What is Surplus Value, and Why Should Anti-Capitalists Care?

Stephanie McMillanSkewed News — Capitalism is an ever-expanding, extremely destructive mode of production that has come to dominate the world; pretty much all social production has been integrated into its framework.

The ways capitalism presents itself to most of us is through its many wretched effects: ecocide, oppression, imperialism, poverty and so on. Any or all of these may motivate us to oppose it. When we decide to organize against capitalism, we often tend to go after these effects. We protest and resist them. And they absolutely must be protested and resisted.

But I’m going to argue that if that’s all we do, we may be able to mitigate some of these miserable conditions that way, but we aren’t going to be able to get rid of capitalism, the system that causes and maintains them. We won’t even harm it. We not even touching it.

To destroy capitalism, we need to understand exactly what it is and what drives it.

Capitalism is a mode of production, that is, it is an ensemble of social relations that shape how the society as a whole reproduces itself, how we meet our needs, how we get from one day to the next. Every mode of production includes an economic foundation or base, which generates and is in turn supported by a political and ideological superstructure.

While we must attack capitalism politically and ideologically, these alone will not destroy it. Our strategy needs to go beyond addressing the superstructure and gets at the economic core of how capital reproduces itself. We need to destroy the production and accumulation of capital.

There are other modes of production, such as slavery and feudalism. These others, like capitalism, also involve class divisions that facilitate the accumulation of wealth by a small minority on the backs of the majority. So what distinguishes capitalism from those others? It’s not like feudalism where a landlord takes half or a third of a peasant’s grain, whatever the quantity is and however much work the peasant put into it. For capitalists, the product is not the point. The wealth they accumulate is extracted from workers in the production process. Labor power is crystalized in commodities, in the form of surplus value. The particular kinds of commodities they produce don’t really matter; the money is made in the production of them.

In order not to starve, the worker, who possesses or controls no means of production, must sell her or his labor power to the capitalist. (By the way, this predicament is not an accident, but has been engineered through systematic historical dispossession.)

This labor power, which will be used to produce commodities for the capitalist, is itself sold as a commodity. The price (paid as wages) is not based on the value of the commodities that will be produced with it (it is completely unrelated to that, actually), but instead it’s roughly based on the cost of its own production: the worker’s subsistence, his or her food, shelter and other necessities.

During the work day, workers produce more value than the amount of wages they receive. Let’s say that during the first hour they manufacture cars or shirts or whatever that are equivalent to the value of their wages. That means for the rest of the day, 7 hours or more, they work for free, creating new value for the economy. This new value is not paid for. In other words, their labor power is being stolen. That’s exploitation, which is made possible by the wage system.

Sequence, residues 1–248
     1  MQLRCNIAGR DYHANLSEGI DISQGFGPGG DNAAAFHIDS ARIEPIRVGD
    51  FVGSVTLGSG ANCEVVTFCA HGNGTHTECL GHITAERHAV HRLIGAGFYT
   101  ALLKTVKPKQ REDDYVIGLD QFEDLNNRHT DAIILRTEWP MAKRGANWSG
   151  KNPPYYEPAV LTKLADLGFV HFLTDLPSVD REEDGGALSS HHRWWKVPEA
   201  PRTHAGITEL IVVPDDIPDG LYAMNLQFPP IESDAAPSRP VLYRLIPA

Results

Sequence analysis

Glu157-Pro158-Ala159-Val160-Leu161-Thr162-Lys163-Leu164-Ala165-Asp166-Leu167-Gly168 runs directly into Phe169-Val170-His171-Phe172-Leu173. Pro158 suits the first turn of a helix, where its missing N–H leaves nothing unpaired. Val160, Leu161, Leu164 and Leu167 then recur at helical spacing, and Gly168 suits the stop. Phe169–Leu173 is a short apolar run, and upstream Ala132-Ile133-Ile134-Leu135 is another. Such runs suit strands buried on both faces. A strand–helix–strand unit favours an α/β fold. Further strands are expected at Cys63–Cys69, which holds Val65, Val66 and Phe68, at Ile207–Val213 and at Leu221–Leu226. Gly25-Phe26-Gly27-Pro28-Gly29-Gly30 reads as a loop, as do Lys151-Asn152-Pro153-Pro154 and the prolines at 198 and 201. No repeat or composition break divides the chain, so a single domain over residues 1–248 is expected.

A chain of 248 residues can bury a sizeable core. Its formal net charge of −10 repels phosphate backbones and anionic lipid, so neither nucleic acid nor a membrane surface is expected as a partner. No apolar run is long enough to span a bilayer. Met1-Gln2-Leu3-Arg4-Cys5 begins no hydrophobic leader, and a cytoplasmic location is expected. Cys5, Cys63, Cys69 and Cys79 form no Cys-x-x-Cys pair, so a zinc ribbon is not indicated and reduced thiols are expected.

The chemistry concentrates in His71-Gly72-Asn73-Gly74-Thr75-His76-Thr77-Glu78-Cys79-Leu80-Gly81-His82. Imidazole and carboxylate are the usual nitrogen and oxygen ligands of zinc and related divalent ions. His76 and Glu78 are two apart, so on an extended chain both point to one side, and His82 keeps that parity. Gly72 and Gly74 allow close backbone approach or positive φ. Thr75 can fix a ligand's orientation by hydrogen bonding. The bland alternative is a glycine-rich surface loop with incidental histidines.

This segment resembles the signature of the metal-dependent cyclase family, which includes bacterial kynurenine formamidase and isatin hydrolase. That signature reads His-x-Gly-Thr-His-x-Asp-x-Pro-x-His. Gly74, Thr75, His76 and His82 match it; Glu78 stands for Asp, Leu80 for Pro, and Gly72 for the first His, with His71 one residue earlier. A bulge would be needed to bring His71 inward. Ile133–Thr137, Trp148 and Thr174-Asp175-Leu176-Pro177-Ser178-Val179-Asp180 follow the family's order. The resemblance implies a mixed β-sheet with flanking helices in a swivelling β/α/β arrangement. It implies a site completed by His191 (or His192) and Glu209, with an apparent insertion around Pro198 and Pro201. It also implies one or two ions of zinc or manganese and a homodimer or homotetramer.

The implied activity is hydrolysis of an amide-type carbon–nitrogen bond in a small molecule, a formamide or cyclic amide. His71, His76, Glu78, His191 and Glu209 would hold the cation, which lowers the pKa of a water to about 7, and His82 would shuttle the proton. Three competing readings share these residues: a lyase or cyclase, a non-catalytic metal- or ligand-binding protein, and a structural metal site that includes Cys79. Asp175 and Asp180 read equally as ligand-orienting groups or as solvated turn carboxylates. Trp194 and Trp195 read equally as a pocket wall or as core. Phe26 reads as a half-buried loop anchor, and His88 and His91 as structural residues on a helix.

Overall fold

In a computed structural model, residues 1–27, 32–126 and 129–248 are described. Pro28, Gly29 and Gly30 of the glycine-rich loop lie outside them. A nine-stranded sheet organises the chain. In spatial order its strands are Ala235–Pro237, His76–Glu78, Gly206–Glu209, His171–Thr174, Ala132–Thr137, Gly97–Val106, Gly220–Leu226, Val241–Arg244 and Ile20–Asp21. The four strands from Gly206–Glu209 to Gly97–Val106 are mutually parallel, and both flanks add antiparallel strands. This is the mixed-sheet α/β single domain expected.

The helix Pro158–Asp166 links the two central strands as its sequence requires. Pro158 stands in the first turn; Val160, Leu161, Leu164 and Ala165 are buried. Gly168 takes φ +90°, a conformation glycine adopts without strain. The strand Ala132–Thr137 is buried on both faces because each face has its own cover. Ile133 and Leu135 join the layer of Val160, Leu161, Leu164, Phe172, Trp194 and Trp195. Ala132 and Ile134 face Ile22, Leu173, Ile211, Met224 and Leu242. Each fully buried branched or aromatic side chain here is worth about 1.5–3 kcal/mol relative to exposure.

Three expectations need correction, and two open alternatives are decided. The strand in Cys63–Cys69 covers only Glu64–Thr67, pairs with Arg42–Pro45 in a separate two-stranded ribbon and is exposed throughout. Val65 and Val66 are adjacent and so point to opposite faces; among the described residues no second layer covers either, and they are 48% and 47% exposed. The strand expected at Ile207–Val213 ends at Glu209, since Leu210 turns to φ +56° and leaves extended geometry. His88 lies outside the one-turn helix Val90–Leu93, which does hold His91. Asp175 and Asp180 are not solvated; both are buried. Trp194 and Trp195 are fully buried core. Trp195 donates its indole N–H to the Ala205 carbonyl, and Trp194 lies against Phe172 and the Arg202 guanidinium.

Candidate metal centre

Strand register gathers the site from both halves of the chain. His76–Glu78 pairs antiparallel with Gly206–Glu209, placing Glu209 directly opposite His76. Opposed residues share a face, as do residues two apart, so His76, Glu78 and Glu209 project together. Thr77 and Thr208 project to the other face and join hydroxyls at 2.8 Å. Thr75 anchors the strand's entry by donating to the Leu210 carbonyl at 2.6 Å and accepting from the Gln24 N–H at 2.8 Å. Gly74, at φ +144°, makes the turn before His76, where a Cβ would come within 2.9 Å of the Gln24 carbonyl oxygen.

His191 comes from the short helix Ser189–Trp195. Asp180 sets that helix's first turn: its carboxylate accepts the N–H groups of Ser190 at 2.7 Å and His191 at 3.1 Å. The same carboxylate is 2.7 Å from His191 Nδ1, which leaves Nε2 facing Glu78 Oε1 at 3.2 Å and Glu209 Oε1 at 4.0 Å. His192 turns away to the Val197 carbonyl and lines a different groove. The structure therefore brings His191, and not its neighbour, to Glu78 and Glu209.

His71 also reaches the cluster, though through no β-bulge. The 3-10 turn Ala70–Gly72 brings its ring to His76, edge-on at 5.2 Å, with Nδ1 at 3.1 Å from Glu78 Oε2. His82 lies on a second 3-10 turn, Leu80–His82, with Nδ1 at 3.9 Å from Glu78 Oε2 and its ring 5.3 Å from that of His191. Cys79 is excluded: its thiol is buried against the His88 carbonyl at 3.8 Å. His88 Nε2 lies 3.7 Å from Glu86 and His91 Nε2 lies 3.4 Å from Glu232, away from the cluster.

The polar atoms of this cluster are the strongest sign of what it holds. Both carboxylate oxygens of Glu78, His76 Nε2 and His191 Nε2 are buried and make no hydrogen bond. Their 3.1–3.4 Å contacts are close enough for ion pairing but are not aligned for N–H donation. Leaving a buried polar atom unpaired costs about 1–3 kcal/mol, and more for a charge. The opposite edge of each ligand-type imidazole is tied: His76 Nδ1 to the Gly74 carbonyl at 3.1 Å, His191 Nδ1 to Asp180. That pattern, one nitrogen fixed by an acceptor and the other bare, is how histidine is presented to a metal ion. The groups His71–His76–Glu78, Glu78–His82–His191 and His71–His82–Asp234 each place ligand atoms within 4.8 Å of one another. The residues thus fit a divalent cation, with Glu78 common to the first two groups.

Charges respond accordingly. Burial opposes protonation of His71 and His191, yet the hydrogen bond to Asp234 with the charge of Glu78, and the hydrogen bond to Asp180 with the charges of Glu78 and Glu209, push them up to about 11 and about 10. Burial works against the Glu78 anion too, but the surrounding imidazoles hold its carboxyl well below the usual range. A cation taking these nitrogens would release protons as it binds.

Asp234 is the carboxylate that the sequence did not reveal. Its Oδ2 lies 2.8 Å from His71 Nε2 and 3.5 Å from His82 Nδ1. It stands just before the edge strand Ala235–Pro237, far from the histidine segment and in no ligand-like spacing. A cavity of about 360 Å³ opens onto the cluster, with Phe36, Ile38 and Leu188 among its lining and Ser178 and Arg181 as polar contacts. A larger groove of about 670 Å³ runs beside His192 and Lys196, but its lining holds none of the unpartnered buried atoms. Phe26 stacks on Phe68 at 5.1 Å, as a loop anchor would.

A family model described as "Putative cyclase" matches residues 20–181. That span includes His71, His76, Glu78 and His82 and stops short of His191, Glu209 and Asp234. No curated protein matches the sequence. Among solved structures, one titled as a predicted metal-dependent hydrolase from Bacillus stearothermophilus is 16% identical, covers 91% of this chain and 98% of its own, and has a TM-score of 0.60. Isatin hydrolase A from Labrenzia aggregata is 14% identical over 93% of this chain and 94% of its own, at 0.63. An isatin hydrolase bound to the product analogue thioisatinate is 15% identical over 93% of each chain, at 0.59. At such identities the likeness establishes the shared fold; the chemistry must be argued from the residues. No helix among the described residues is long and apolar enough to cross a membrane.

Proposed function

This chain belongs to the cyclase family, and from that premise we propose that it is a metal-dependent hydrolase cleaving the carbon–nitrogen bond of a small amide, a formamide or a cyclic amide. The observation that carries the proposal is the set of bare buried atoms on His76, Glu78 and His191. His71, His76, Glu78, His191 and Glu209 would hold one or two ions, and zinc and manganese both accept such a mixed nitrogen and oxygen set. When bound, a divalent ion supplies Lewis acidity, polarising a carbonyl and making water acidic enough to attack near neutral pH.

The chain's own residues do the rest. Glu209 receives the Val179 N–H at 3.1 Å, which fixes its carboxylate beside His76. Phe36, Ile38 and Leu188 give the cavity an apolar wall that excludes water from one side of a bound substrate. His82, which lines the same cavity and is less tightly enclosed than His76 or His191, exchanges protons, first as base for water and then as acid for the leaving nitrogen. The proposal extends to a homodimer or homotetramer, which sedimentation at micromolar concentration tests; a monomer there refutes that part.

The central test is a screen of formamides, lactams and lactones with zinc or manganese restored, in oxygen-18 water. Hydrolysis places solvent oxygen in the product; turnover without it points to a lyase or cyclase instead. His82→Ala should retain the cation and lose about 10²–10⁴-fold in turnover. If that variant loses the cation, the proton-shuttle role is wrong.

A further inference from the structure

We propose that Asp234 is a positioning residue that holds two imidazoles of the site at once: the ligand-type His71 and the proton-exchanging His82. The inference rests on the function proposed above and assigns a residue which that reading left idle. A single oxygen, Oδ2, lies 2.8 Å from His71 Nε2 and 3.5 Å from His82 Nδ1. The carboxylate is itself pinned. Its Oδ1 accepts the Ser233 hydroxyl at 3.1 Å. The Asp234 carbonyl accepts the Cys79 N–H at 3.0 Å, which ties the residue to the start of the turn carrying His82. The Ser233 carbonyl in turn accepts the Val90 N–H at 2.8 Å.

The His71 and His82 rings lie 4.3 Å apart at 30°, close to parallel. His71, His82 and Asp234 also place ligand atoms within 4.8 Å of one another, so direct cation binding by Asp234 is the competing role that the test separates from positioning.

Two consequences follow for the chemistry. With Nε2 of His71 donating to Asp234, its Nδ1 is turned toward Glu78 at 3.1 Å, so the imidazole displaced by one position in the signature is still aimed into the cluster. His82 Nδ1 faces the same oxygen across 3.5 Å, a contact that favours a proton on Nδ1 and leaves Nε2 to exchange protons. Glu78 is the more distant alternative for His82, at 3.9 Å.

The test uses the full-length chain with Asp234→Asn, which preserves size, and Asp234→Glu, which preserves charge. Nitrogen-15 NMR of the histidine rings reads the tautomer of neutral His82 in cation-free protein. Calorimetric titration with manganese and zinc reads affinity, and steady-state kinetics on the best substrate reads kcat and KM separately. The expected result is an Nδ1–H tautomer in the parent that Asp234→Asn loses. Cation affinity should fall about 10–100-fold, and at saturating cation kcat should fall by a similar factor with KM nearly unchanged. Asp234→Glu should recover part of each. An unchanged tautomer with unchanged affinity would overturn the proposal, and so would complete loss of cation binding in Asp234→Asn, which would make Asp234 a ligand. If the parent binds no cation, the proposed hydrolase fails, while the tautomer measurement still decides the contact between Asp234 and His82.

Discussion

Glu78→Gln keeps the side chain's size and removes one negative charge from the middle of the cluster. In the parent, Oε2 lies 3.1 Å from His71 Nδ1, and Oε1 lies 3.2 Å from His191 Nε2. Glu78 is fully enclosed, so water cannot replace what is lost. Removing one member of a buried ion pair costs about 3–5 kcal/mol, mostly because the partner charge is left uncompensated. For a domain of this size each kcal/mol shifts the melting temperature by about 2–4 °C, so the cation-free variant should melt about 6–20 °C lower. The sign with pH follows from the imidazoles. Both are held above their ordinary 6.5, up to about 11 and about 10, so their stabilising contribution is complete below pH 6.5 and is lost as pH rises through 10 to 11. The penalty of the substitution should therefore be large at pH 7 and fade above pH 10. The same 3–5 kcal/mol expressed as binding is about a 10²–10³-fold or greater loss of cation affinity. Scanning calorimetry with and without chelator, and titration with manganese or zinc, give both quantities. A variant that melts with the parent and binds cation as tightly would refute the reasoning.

That new value, called surplus value, is privately appropriated by capitalists, who own, control, and manage the entire process of production and distribution for the whole society.

The capitalists’ ownership of the means of production—the raw materials, factory and machinery, which it obtained through previous cycles of exploitation or outright raw dispossession through war or other means—is used to justify depriving workers of any legal right to keep the product. So the capitalist takes everything that the worker produces. The notion of private property underlying this is the superstructural foundation of capitalism.

Surplus value isn’t simply a quantitative sum. It is a social process, a class relation. The entire society is set up to facilitate its extraction, and the entire system depends on it. Surplus value is the origin of all other forms of capital and of concentration of capital. The process benefits only capitalists, never workers. The workers receive barely enough to survive, and when it’s slightly more than that, it serves as a bribe to keep quiet. The amount of wages and of surplus value is constantly contested, determined by class struggle.

This arrangement establishes the fundamental contradiction of capitalism as capital vs. labor, embodied in the conflict between the capitalist class and the working class. These two classes are antagonistic – the exploitation of one results in the accumulation of wealth for the other.

The surplus value is re-invested and becomes new capital. Surplus value is capital. If all capital accumulation ultimately depends on the extraction of surplus value, then the end of capitalism will require that this process be stopped. Any orientation or alternative that doesn’t address capitalism’s fundamental contradiction, and doesn’t push it forward toward rupture, won’t be able to break the framework.

So if we’re anti-capitalists, we need to affirm and reclaim the history of working class struggle, take our place in the continuity of that struggle, and organize to fight for working class interests. No other class has the power to stop capital dead in its tracks.

One Comment

  1. A good read. Thanks. A great book to read. “The Consumer Republic” by Lizebeth Cohen. A book written by a Harvard Professor and activist.

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